Image: Matthew Loffhagen
MasterClass is a service which allows its users to watch unique lectures by eminent figures in various fields. One of those fields is writing, and the eminent figure we’ll be talking about today is Dan Brown, author of the Robert Langdon thrillers The Da Vinci Code and Angels & Demons, as well as Digital Fortress and Deception Point. Specifically, we’ll be asking if Dan Brown’s MasterClass is worth your hard-earned dollars.
Brown’s MasterClass includes just under four hours of video lectures broken up over 19 lessons, all available to download or watch on the site. These lectures are supplemented by user discussions and an 89-page workbook, as well as a Q&A between Brown and previous subscribers.
MasterClass courses cost $90 for a given lecturer or $180 for a year’s subscription to everything the site has to offer. You can buy lessons for yourself or as a gift for someone else.
Those are the cold facts, so all that remains is to ask whether Dan Brown’s MasterClass is worth your time and money. But before we talk about the lectures themselves, we need to address…
The elephant in the room
It can’t be denied that Dan Brown is a popular writer. His combined works have been translated into 57 languages, selling over 200 million copies, and The Da Vinci Code remains a bona fide cultural touchstone.
Despite those accomplishments, Dan Brown is not a writer’s writer. In fact, until E.L. James came along and took his crown, he was frequently used as an example of a terrible writer whose popularity was a damning indictment of the reading public.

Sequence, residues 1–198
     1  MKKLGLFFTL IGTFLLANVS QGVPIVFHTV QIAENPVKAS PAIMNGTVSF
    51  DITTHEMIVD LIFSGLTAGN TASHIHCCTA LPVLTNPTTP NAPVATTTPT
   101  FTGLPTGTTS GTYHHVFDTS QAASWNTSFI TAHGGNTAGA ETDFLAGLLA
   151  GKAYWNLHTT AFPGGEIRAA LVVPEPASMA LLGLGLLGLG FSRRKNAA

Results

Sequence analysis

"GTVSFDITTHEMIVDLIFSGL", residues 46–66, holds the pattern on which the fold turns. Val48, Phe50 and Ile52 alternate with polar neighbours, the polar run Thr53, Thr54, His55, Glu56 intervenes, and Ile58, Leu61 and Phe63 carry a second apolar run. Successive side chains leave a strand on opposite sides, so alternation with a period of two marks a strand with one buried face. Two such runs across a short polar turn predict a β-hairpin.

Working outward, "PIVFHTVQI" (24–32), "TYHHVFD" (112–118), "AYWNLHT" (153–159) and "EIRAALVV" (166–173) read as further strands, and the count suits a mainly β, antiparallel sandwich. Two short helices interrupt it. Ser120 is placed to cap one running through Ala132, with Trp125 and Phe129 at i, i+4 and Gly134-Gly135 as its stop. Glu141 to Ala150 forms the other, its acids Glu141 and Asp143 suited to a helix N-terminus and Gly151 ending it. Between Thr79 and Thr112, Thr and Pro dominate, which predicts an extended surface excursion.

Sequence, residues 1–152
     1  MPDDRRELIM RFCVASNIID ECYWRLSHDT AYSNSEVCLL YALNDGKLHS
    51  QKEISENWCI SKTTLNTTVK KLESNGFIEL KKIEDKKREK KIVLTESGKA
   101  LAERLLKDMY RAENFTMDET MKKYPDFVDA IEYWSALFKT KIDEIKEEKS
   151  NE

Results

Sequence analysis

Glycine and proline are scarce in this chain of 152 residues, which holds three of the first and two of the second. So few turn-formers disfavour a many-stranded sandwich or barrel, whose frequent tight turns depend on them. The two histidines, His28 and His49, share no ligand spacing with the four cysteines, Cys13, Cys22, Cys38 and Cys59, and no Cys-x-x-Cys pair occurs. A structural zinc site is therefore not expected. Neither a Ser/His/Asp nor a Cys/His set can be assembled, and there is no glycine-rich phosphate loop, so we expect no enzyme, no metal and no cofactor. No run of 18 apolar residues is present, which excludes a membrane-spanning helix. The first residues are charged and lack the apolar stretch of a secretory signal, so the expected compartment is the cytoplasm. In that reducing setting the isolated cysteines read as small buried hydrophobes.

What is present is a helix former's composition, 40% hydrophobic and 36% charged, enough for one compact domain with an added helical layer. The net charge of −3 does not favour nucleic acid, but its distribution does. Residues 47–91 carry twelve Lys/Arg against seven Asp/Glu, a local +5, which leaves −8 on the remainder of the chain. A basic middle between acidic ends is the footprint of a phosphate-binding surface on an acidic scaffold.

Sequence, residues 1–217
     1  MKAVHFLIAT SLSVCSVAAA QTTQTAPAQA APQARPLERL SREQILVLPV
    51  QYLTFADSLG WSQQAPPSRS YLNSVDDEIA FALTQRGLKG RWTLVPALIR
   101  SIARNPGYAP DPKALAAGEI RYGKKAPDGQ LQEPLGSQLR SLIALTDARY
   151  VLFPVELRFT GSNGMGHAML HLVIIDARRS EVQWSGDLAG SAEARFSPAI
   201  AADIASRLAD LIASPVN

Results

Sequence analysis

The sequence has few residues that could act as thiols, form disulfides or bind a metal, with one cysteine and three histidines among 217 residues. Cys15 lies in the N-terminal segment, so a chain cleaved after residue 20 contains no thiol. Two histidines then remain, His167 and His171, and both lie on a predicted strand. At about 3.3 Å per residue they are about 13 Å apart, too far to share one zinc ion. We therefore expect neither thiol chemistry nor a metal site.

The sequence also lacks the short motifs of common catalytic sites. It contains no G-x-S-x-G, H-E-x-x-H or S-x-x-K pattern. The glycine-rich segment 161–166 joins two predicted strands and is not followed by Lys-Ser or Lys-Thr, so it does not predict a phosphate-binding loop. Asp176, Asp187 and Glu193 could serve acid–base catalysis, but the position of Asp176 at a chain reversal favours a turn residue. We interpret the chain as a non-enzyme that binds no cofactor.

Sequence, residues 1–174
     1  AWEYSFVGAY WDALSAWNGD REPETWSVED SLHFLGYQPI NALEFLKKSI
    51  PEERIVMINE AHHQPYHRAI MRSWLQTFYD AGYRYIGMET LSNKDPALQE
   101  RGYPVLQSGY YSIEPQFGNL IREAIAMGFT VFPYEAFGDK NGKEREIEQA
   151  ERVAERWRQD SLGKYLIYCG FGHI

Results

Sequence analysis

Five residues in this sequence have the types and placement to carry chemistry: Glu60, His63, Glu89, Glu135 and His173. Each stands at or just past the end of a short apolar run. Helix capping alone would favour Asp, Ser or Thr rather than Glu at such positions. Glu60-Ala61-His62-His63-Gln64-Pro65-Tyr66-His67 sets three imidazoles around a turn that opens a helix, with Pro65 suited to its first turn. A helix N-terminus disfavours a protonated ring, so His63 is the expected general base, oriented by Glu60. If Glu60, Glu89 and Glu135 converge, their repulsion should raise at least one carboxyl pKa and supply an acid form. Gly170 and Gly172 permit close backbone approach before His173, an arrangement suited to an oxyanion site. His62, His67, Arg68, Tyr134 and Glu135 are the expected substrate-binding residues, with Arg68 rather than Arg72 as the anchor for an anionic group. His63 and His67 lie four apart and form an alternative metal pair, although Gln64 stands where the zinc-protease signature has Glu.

Is that a fair assessment? Well, like any performative hate for a public figure, it’s definitely exaggerated, but it’s telling that when comedian Stewart Lee wanted to bash Brown, the punchline that came to mind was to read out some of Brown’s own prose.
It’s no coincidence that the worst published writer in the world today is also one of the world’s most successful writers: Dan Brown. Now, Dan Brown is not a good writer. The Da Vinci Code is not literature. Dan Brown writes sentences like ‘the famous man looked at the red cup.’– Stewart Lee, ‘Toilet Books’ from Stewart Lee’s Comedy Vehicle
It’s fair to say that Brown’s use of language is nothing to emulate – he is not the writer to turn to if you want to pen better prose – but the fact remains that a huge number of people enjoy the stories he tells, and when it comes to popular, mass-market thriller fiction, there’s pretty much no-one outside of perhaps John Grisham who has a better claim to the throne.
Dan Brown opens his MasterClass with the following claim:
This class is specifically designed to talk about writing thrillers, but I’m hoping that it actually helps writers of all different genres, because what makes thrillers work are elements that actually make all stories work.– Dan Brown, ‘Lesson 1: Introduction’, MasterClass
A lot of people have made the observation that most stories work in the same way. This is true up to a point, but whether it’s a useful observation or not depends on context, and here the context is against Brown.